Rossini Il turco in Italia

Author: 
Richard Osborne

Rossini Il turco in Italia

  • (Il) Turco in Italia

The Poet Prosdocimo writes: “Is it not enough that I cudgelled my brains to concoct for Mr Rossini this charming farrago about my old friend Don Geronio, his shrewish wife and a randy, itinerant Turk? It would appear not. For now I am invited to review (dreadful trade) a quartet of recordings of it.
I concede that I have long been content with a most stylish realization of our opera under the direction of Mr Gavazzeni. It is true that he and the scoundrel Legge took a blue pencil to some of my finest passages of dialogue: not to mention a considerable acreage of music where Milord Legge judged the master (or his assistants: a matter on which I cannot possibly comment) to be at less than his best. Yet I have to concede that this is not Mozart, nor am I Lorenzo da Ponte. Cut away, say I, if it makes the thing a more agreeable listen!
And what casts they had in those far off La Scala days. Where are such characters now? Mme Callas: incomparable in any age. Mr Calabrese, dear old cuckolded Don Geronio to a T. And myself played by the great Mariano Stabile: an unlooked-for honour, indeed.
Leafing through Gramophone’s grand archive, I could not help noting that the paper’s self-styled Rossini ‘expert’ was vaguely welcoming to two later recordings. Apologetic fiddle-faddle! My drama requires intimacy; Mr Chailly’s earlier recording sounds as though it were recorded in a barn. My Fiorilla is a minx, Mme Caballe is a canary. And Sir Marriner’s recording on Philips? I would say that it is nice, very nice. But when was Rossini merely ‘nice’?
And this new recording, is that ‘nice’ too? Assuredly not! It is fiery, subversive and full of passion, running all on impulse, Italian through and through. Our little dramma buffo was written for the La Scala theatre in 1814 and it is not by chance that two such wonderful recordings as this and Mr Gavazzeni’s have been made with Italian musicians: rich, grainy strings, devil-may-care trumpets, impertinent bassoons – need I go on?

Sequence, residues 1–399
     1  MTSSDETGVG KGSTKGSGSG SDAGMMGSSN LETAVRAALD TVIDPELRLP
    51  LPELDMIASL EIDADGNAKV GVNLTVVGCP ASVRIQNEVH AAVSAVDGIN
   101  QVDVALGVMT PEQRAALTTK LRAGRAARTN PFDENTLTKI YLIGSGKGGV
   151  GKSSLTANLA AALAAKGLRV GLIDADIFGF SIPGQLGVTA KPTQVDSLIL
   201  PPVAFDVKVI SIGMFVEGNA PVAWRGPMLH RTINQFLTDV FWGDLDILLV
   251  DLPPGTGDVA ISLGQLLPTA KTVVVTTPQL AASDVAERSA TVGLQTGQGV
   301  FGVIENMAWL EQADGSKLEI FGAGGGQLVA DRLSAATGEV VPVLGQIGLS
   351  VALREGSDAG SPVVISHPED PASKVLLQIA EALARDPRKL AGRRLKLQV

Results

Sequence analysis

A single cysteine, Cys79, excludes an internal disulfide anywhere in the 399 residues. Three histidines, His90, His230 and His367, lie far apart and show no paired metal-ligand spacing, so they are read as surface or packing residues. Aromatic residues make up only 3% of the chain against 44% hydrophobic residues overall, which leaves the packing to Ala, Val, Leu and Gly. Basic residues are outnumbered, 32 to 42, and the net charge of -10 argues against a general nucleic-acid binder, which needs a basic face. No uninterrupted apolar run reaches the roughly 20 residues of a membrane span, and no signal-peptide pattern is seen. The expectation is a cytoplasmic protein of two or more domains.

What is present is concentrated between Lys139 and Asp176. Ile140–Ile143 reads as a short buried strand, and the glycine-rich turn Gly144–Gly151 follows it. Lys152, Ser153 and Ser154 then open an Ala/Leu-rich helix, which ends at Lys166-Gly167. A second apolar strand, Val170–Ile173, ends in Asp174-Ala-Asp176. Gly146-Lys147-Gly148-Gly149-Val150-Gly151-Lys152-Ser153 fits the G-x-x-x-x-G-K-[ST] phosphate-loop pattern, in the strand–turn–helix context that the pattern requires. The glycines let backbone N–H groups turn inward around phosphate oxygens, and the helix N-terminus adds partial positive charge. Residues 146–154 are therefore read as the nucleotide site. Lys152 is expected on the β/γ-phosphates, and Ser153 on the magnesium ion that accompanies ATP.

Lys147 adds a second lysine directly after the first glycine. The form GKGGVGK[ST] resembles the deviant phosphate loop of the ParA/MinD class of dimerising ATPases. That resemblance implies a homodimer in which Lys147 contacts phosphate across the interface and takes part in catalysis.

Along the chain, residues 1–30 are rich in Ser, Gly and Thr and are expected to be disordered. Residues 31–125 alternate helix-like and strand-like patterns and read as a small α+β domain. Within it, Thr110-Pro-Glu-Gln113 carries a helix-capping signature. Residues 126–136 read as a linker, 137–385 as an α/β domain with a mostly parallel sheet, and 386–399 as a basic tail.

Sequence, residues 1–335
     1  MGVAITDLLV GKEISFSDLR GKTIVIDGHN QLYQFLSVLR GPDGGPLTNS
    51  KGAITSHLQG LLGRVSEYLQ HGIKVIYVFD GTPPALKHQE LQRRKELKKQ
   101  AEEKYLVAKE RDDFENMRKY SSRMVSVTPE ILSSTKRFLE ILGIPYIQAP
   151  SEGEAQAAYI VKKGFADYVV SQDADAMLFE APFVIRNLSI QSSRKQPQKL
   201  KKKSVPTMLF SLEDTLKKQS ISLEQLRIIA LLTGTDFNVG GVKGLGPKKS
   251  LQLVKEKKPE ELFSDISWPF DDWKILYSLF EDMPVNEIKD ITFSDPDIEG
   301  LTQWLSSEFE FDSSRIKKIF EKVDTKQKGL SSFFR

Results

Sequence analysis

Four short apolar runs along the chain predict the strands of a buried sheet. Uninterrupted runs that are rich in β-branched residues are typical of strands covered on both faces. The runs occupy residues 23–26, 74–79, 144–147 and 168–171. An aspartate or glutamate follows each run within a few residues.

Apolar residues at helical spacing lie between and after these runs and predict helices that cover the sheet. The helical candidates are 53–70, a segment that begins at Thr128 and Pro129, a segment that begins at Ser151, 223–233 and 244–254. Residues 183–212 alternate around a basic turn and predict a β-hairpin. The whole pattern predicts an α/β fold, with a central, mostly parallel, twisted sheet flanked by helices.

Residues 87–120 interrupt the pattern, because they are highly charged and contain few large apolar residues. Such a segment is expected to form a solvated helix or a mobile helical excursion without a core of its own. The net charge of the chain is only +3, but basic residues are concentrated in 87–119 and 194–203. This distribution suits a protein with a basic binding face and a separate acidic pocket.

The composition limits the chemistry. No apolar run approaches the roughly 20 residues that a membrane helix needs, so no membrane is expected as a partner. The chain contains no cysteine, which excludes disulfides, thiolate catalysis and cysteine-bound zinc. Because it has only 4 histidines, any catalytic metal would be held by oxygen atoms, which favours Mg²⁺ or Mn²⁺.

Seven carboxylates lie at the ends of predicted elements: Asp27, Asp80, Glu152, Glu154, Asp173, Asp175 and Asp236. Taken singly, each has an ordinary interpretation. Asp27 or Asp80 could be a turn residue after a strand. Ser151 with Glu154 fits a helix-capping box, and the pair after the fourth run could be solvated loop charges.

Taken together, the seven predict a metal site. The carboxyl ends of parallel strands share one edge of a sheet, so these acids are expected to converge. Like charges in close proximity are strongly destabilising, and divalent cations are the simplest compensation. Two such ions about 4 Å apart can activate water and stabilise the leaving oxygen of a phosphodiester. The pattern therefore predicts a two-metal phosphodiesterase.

Mr Chailly’s genius for the Rossini style has ripened with the years. His performance has daring and velocity, the music stripped for action, yet it is open-hearted and free-spirited: obsessive and funny. Did Rossini really take so much care over his orchestration in this slender diversion? I had not thought so until now.
Mr Chailly’s cast may not be such a cast of characters as Mr Gavazzeni’s. Old Rossi-Lemeni really did sound like the lascivious Turk of my imagining; but his divisions and roulades were more than a touch morbido. Your modern singers can knock spots off that kind of thing. Mr Pertusi’s Selim is as vocally expert as it is theatrically amusing. And Mme Bartoli dazzles here as rarely before. Such vocal brilliance and the words – my words! – so forward and crystal-clear. “Squallida veste bruna!” – an aria you will search for in vain on Mme Callas’s recording – is a tour de force.
Naturally, I am thrilled to hear my recitatives played and accompanied with such flair. They almost sound interesting! So there you have it, my friends: as fine a set of Il turco as you’re likely to get. How’s that for decisive reviewing?”'

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